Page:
The Conference Board Consumer Confidence Index, which had increased in June, was relatively unchanged in July.
The Index now stands at 97.3, compared to 97.4 in June.
Andrew Hunter, assistant economist at Capital Economics, told the Wall Street Journal that the higher-than-expected reading suggested “consumption growth will continue at a decent pace in the third quarter.”
“The continued strength of consumer confidence supports our view that an acceleration in hourly wage growth, along with further gains in housing and equity prices, will ensure that spending continues to grow at a solid 2 to 2.5 percent annualized pace over the rest of this year,” he said in a note to clients.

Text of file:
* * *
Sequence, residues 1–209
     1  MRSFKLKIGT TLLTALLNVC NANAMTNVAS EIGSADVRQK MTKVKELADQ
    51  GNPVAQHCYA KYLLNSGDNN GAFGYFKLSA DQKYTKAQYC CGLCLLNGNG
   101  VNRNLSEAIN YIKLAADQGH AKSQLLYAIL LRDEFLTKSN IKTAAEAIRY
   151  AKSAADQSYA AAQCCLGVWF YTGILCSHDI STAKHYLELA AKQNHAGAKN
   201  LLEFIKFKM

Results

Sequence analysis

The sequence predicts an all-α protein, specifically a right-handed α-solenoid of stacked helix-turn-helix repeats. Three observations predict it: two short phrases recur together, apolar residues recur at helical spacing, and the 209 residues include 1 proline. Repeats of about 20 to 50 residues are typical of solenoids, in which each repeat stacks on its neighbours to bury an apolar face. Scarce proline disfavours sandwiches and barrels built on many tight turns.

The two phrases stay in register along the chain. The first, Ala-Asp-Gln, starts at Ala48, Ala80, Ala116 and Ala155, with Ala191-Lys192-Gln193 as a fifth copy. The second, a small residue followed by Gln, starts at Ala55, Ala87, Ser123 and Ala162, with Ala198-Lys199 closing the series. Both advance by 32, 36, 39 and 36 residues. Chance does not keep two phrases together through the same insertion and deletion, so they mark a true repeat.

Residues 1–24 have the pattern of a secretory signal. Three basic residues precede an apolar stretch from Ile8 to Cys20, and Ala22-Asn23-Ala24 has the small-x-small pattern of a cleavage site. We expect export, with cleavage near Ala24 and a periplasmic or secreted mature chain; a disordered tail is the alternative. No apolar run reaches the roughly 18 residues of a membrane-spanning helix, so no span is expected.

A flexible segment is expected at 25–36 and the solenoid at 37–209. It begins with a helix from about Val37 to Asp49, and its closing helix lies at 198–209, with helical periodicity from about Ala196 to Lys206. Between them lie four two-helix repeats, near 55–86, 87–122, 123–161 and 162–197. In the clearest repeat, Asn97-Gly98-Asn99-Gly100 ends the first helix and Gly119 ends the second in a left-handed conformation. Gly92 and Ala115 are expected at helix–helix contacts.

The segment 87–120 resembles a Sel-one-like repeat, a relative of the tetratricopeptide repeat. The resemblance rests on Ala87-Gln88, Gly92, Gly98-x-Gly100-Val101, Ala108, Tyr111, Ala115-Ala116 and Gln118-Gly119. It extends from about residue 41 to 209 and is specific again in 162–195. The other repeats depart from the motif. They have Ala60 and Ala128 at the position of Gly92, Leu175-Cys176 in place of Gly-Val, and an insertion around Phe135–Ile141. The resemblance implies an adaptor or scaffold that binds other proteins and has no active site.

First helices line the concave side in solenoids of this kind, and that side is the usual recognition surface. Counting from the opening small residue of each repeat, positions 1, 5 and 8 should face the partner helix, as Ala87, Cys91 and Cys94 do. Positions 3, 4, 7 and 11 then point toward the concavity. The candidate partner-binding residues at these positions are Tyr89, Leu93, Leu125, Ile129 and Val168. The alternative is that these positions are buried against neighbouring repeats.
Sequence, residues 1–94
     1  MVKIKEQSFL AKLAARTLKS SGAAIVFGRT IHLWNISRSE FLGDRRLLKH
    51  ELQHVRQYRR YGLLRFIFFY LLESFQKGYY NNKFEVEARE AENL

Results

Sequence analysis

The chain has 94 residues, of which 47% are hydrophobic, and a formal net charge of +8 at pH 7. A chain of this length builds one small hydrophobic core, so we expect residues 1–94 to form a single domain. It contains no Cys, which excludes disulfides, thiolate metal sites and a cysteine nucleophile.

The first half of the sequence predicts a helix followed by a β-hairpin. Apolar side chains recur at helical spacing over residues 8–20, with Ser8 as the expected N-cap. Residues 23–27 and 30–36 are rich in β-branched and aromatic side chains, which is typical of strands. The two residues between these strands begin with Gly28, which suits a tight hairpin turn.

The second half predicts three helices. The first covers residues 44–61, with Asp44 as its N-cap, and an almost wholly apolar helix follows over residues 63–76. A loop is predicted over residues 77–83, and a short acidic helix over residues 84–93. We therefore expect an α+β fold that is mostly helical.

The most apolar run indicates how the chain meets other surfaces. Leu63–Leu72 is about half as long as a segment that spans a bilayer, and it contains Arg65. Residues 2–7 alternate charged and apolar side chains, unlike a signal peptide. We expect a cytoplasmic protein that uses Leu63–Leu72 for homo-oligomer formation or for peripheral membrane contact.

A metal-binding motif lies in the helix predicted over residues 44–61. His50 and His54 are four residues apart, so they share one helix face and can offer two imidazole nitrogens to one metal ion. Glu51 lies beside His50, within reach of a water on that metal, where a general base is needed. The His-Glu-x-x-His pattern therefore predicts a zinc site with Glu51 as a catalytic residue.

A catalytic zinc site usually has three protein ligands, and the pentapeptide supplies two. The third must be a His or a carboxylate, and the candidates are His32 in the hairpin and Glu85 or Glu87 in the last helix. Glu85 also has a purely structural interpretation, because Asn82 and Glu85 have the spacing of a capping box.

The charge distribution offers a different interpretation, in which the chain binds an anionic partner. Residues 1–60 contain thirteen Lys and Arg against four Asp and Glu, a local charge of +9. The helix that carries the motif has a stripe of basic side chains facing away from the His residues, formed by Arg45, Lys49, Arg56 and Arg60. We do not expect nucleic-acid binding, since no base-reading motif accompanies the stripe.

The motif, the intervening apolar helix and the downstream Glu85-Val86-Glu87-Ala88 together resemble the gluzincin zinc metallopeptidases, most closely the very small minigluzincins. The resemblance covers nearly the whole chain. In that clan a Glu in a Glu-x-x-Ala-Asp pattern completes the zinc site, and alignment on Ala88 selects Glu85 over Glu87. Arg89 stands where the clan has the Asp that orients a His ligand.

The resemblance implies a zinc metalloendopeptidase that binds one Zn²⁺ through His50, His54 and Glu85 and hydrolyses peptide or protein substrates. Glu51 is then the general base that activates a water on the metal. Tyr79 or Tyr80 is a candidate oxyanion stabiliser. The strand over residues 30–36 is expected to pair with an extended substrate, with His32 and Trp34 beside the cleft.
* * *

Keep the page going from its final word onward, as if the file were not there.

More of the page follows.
The present-situation index rose in July to 118.3 from a downwardly revised 116.6. The expectations index fell slightly to 83.3 from 84.6 in June.
Nielsen conducts the monthly Consumer Confidence Survey, based on a probability-design random sample, for the Conference Board.
“Consumer confidence held steady in July, after improving in June,” said Lynn Franco, Director of Economic Indicators at The Conference Board. “Consumers were slightly more positive about current business and labor market conditions, suggesting the economy will continue to expand at a moderate pace. Expectations regarding business and labor market conditions, as well as personal income prospects, declined slightly as consumers remain cautiously optimistic about growth in the near-term.”